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BODY OF BLOOD by Sarah E. Harris

The average adult carries seven percent of their weight in blood. Number of wonders and of sins. 

Blood is a sacrifice and so is a woman, which I suppose explains some things. Like: the scar at the top of my head, from the hospital machinery when I was born. Like: loving the taste of a copper penny, acid and hard and bright on the tongue. Like: the vertigo that comes even now, standing suddenly. How hard it is to hold this ground. 

When the pain started they said it was nothing, then they said to seek therapy, then they said it was a solid mass, a simple procedure. I imagined a ball of hair and teeth turning into a grinning mouth, a grim bezoar with a changeling smile, expanding through the bright fruit sizes in all the baby books. A pea, a blueberry, a lime. And all the time my blood baby grew strong, grew from fruit to fist, grew until they could not ignore her, and she was seen.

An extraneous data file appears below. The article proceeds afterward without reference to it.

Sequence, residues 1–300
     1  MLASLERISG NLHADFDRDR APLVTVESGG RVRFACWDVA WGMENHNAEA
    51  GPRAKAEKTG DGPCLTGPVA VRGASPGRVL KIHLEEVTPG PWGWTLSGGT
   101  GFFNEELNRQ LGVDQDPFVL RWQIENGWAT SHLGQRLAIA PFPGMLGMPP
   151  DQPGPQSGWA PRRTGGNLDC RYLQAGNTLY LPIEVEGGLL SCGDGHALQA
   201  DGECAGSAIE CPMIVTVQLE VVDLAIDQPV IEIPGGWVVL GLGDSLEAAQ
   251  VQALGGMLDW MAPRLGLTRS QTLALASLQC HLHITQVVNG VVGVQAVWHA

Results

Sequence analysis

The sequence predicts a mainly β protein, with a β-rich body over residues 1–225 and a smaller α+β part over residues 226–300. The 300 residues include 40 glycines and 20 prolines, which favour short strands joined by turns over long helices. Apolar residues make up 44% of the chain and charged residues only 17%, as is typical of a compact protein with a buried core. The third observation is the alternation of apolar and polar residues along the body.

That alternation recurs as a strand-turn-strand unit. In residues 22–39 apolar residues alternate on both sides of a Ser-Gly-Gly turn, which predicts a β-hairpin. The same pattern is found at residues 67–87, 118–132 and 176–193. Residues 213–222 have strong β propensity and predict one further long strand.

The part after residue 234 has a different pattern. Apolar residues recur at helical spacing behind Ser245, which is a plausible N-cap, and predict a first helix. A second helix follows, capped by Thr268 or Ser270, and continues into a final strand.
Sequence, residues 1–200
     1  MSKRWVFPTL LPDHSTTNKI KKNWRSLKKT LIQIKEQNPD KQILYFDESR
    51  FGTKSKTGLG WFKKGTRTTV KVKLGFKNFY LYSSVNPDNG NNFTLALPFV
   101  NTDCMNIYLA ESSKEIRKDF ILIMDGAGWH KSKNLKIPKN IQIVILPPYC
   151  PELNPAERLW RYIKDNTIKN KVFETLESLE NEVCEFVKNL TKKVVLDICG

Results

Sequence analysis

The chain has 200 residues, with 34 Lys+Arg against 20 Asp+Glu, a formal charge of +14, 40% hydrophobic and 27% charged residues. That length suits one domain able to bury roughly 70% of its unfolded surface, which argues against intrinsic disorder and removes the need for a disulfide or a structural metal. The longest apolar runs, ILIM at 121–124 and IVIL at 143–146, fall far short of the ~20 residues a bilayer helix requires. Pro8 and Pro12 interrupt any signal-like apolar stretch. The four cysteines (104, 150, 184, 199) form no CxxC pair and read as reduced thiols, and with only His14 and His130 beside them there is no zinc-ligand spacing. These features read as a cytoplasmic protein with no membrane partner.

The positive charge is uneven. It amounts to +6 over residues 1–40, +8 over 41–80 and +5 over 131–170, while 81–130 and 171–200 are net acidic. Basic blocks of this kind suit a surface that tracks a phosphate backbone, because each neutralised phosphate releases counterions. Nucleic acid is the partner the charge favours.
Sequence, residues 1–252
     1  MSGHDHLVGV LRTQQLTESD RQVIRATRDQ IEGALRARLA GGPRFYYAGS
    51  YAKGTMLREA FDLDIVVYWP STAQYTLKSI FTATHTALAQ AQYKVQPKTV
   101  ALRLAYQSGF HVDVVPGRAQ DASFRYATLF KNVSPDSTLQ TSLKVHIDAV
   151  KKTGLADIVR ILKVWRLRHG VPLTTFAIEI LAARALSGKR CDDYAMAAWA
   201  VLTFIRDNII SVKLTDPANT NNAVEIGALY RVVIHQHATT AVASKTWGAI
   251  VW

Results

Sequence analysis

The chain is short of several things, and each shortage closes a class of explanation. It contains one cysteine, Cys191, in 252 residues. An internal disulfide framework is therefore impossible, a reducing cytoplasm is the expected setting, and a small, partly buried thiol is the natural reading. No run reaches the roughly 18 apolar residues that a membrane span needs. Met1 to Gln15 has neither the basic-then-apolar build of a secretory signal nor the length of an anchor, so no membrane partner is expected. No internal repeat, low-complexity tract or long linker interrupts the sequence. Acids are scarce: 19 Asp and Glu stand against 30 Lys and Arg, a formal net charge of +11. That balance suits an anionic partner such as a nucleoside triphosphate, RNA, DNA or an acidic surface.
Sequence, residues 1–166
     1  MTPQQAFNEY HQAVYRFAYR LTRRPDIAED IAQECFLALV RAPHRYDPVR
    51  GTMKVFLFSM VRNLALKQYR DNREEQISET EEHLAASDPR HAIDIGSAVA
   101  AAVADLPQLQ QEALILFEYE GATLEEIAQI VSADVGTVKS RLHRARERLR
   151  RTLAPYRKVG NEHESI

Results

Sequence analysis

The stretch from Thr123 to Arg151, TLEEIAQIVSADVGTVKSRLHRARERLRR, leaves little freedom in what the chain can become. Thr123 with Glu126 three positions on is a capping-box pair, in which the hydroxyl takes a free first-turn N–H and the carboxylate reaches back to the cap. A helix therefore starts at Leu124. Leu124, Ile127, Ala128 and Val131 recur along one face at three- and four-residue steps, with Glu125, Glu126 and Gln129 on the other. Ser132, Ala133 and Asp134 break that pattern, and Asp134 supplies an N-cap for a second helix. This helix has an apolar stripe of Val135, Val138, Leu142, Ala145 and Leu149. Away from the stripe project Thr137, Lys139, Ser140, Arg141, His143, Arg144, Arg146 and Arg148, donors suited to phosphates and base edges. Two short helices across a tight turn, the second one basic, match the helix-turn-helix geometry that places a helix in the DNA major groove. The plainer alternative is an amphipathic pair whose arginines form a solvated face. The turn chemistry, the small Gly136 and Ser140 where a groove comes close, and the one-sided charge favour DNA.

It will have to come out, they say. And everything else with it. All that sticky mess, they say, and laugh with bezoar faces. When they take it from me I will be hollow at the center, unmoored, all my strength withdrawn.

They recite their saving phrases; in and out, small incisions, a short recovery. But I know the truth that grows in me, which is that the stories are wrong, and the science too. Wheat made bread is no longer wheat, grapes made wine cannot return to grapes. This is my body and my blood. Its copper taste, its sticky richness. Take it. Leave a scar. 

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